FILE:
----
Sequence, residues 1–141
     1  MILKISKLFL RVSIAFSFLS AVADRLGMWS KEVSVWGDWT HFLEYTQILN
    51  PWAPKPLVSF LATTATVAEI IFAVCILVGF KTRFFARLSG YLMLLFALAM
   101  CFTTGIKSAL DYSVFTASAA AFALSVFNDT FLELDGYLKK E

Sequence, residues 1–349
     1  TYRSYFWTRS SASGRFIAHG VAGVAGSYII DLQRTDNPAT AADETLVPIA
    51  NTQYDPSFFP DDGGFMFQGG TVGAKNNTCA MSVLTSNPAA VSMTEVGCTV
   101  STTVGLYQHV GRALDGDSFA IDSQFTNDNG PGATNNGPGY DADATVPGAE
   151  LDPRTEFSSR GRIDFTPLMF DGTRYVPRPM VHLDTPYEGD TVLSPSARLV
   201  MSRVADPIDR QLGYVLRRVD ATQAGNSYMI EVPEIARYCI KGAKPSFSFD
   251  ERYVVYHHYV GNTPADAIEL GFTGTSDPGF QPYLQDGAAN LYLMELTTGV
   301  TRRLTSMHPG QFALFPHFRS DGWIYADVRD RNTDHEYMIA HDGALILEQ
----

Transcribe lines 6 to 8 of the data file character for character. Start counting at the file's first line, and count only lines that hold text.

     1  TYRSYFWTRS SASGRFIAHG VAGVAGSYII DLQRTDNPAT AADETLVPIA
    51  NTQYDPSFFP DDGGFMFQGG TVGAKNNTCA MSVLTSNPAA VSMTEVGCTV
   101  STTVGLYQHV GRALDGDSFA IDSQFTNDNG PGATNNGPGY DADATVPGAE